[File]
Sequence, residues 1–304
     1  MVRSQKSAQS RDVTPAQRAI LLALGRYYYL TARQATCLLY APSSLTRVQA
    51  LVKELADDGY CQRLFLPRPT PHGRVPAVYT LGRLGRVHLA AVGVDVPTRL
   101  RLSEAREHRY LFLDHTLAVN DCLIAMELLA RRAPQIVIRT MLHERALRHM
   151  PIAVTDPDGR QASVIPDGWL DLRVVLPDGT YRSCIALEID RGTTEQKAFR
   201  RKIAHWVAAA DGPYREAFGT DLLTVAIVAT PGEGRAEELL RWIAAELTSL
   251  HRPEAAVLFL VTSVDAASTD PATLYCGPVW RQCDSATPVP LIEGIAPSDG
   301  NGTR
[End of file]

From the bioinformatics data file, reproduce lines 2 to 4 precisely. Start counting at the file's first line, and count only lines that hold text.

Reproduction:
     1  MVRSQKSAQS RDVTPAQRAI LLALGRYYYL TARQATCLLY APSSLTRVQA
    51  LVKELADDGY CQRLFLPRPT PHGRVPAVYT LGRLGRVHLA AVGVDVPTRL
   101  RLSEAREHRY LFLDHTLAVN DCLIAMELLA RRAPQIVIRT MLHERALRHM